Over the last few years, the prevailing winds have been distinctly chilly for tax avoiders, and this Autumn Statement will be no exception. Following a consultation, Chancellor Osborne is set to announce a big tax increase affecting some 400,000 workers.
These workers are currently engaged by umbrella companies or personal service companies and the change is expected to add around £8 per week (or £400 per year) to their tax bills.
It is generally understood that the expense of travel from home to work does not qualify for relief from tax and neither does the cost of the lunchtime sandwich. Yet certain employees of umbrella companies or individuals who work for their own personal service company have been able to get around this rule by claiming to work from home or by having a special employment contract called an ‘overarching contract’.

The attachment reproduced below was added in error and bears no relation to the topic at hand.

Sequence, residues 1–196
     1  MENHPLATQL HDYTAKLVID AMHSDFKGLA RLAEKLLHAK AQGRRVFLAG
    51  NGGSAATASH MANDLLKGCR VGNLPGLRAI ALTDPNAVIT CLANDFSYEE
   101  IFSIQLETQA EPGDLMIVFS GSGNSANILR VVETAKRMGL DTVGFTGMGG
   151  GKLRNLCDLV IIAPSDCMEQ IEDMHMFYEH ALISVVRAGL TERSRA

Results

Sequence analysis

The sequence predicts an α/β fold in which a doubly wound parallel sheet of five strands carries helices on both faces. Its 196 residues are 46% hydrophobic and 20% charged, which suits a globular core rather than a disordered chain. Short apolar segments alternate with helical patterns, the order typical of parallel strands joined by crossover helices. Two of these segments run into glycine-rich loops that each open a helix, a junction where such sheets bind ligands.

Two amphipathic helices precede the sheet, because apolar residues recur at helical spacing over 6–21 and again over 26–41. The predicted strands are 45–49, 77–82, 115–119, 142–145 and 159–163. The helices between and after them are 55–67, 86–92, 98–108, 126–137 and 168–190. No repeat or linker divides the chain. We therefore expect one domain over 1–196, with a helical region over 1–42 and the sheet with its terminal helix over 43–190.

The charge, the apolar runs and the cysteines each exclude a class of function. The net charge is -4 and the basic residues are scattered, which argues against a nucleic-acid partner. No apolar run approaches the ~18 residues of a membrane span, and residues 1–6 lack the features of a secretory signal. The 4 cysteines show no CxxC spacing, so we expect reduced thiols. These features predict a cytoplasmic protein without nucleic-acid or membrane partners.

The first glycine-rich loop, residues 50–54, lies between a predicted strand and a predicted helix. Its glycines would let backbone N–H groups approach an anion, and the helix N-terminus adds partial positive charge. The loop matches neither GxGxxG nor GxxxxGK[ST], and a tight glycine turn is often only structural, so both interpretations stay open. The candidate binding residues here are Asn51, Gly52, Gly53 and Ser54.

In his Autumn Statement, the Chancellor is expected to announce a change in the legislation which will do away with this anomaly. This is expected to raise about £160m in extra revenue, meaning an average rise of £8 per week for affected workers.
While it is correct that the Chancellor should put a stop to anomalies in the tax system created by little tweaks in contracts, it should not be overlooked that in the main it is low paid workers - warehouse packers, temporary manual workers and the like - who will be hardest hit by this change. Presumably, the Chancellor will hope that companies engaging such workers will do the right thing and shoulder much of the increased tax burden. But with other onerous demands being placed on employers, whether they play ball is another question entirely.